Moreover, the shielding portion 60 is arranged toward the lower side of the tip 91. At this time, the shielding portion 60 should be arranged in a position that does not come into contact with the molten glass flowed out of the tip 91.

Next, the heating portions 30 are operated to carry out ignition. As a result, the inner wall 21 is heated, and the heat energy is conducted to the high radiation portion 40, thereby heating the high radiation portion 40. Then, a large amount of heat energy is radiated from the high radiation portion 40 and reaches the tip 91, thereby efficiently heating the tip 91. Moreover, since the heat energy is conducted from the inner wall 21 to the high conductivity portion 50 as well via the upper wall 23, the heat energy is conducted from the high conductivity portion 50 to the base 93 side, thereby heating the base 93 side as well.

In this state, the molten glass starts to be fed from the base 93 side, and the molten glass is flowed out of the tip 91 downward. Since the tip 91 is efficiently heated as described above, the temperature reduction of the molten glass in the tip 91 is significantly mitigated. Moreover, since the base 93 side is heated as well, the occurrence of crystallization in the molten glass before the flowing out is further suppressed.

The molten glass is flowed out of the tip 91 in this way, and is molded in a mold which is not illustrated, thereby manufacturing glass. It should be noted that the flow path 90, the heating apparatus 10 and the mold constitute a glass manufacturing apparatus.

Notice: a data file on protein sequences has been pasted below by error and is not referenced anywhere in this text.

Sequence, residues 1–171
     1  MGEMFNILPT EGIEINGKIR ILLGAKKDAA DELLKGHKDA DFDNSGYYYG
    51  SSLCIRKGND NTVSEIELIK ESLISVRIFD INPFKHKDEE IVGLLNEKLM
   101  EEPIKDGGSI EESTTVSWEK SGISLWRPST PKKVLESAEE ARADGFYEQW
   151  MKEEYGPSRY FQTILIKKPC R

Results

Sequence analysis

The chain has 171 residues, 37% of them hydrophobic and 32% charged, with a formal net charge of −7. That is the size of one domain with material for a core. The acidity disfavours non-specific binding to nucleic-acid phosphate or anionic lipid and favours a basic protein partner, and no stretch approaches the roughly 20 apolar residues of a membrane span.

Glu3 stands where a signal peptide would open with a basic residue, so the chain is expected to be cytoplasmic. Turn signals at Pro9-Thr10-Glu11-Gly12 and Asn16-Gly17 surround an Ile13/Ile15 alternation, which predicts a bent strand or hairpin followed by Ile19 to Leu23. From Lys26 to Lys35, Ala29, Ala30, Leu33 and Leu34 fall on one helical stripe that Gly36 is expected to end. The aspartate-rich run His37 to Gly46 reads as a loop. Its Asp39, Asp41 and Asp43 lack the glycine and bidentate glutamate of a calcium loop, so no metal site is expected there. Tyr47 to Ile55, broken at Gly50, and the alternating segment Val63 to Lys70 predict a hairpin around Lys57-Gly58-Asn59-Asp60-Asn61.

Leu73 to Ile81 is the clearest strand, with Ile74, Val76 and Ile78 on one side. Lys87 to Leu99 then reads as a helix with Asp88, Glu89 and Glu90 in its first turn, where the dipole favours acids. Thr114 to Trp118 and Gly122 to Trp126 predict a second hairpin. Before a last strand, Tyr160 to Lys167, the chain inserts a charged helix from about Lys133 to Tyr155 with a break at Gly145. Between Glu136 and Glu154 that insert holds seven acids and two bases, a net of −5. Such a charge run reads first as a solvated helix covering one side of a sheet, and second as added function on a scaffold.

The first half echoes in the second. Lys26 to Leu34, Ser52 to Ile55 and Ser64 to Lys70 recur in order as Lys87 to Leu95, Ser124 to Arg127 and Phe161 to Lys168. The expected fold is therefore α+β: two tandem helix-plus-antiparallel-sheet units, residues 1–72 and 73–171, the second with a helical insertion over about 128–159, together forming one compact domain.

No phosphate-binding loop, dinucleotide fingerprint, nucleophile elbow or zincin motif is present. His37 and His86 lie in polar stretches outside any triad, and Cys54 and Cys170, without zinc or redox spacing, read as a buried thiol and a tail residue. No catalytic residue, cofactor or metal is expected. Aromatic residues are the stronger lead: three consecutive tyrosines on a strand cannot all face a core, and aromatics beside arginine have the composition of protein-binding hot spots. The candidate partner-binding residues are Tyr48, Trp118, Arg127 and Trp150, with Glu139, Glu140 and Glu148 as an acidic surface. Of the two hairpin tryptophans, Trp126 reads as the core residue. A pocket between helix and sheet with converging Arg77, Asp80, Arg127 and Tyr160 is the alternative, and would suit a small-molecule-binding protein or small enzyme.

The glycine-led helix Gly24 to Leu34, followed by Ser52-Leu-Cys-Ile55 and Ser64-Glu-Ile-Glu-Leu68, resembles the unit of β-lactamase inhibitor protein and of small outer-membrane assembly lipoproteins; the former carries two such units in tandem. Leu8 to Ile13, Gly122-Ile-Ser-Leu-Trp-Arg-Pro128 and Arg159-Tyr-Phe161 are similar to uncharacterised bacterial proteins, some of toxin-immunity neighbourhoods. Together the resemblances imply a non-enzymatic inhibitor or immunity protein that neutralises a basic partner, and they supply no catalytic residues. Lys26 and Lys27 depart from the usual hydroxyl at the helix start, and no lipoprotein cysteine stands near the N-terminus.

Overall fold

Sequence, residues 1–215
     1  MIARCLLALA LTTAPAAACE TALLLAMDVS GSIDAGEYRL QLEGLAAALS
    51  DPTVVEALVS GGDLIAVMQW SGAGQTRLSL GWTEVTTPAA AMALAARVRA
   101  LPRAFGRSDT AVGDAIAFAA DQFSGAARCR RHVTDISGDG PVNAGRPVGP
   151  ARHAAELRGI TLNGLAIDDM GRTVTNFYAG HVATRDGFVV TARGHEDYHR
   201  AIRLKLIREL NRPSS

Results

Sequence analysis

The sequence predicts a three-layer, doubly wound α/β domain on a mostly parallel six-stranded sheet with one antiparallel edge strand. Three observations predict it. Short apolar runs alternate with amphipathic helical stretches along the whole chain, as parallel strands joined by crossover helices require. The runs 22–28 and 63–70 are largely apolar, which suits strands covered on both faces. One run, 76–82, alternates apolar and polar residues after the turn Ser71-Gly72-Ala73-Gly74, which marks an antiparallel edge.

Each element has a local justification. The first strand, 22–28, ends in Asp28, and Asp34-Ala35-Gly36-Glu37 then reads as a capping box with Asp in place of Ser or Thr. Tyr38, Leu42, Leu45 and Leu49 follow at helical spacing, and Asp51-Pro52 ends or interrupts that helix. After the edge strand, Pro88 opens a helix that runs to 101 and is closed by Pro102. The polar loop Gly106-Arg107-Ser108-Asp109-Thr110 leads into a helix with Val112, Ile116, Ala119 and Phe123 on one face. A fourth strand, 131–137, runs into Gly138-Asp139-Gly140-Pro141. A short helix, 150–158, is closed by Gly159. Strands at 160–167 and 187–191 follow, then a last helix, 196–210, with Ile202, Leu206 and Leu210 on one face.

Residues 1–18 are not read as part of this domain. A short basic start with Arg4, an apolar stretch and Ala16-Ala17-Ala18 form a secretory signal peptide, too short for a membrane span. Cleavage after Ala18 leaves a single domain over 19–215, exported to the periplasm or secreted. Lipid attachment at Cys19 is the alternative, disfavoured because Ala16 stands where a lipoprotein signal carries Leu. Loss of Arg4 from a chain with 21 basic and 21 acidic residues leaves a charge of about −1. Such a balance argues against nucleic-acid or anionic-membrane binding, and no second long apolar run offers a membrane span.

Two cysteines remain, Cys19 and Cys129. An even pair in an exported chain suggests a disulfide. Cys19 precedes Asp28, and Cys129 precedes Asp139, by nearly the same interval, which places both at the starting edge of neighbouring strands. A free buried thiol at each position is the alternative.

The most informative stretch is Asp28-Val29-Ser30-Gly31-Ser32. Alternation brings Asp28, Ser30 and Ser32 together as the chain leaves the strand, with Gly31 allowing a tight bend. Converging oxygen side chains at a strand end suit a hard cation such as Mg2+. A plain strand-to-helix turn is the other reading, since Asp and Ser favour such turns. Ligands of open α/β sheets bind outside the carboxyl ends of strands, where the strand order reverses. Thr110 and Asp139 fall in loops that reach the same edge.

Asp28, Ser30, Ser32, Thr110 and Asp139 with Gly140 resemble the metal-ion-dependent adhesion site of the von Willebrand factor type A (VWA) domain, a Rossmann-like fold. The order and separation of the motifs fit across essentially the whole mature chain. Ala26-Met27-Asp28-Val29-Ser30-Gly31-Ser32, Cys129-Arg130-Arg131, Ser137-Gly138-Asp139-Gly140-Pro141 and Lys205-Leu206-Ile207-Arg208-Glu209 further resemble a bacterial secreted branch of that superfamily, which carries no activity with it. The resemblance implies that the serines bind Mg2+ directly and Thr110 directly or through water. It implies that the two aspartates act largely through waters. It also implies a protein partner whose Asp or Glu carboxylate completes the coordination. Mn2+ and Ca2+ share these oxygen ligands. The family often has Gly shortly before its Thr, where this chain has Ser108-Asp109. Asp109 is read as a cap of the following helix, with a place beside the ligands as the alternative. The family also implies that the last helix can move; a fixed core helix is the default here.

Since the molten glass is flowed out of the tip 91 in a state in which the occurrence of crystallization and the temperature reduction are suppressed, the occurrence of striae and the deterioration of optical properties are sufficiently suppressed in the glass that is manufactured in the present embodiment. As a result, the glass that is manufactured in the present embodiment can be preferably used for an optical element, and more specifically, it is possible to manufacture an optical element by precision press molding of the glass. It should be noted that the aforementioned glass manufacturing apparatus and the precision press apparatus to be used for precision press molding constitute an apparatus for manufacturing an optical element.